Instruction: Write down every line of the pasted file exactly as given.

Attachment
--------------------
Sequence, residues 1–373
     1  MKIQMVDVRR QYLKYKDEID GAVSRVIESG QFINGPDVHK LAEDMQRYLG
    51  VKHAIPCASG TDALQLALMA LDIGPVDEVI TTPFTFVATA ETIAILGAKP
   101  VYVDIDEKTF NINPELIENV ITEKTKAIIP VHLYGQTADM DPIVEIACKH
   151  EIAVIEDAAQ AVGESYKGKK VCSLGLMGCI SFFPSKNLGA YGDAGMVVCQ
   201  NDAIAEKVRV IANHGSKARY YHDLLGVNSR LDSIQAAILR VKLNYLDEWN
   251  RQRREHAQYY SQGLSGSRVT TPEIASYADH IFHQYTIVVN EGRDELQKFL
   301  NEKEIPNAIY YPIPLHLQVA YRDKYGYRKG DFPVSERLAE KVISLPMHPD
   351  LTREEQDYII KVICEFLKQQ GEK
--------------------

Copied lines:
Sequence, residues 1–373
     1  MKIQMVDVRR QYLKYKDEID GAVSRVIESG QFINGPDVHK LAEDMQRYLG
    51  VKHAIPCASG TDALQLALMA LDIGPVDEVI TTPFTFVATA ETIAILGAKP
   101  VYVDIDEKTF NINPELIENV ITEKTKAIIP VHLYGQTADM DPIVEIACKH
   151  EIAVIEDAAQ AVGESYKGKK VCSLGLMGCI SFFPSKNLGA YGDAGMVVCQ
   201  NDAIAEKVRV IANHGSKARY YHDLLGVNSR LDSIQAAILR VKLNYLDEWN
   251  RQRREHAQYY SQGLSGSRVT TPEIASYADH IFHQYTIVVN EGRDELQKFL
   301  NEKEIPNAIY YPIPLHLQVA YRDKYGYRKG DFPVSERLAE KVISLPMHPD
   351  LTREEQDYII KVICEFLKQQ GEK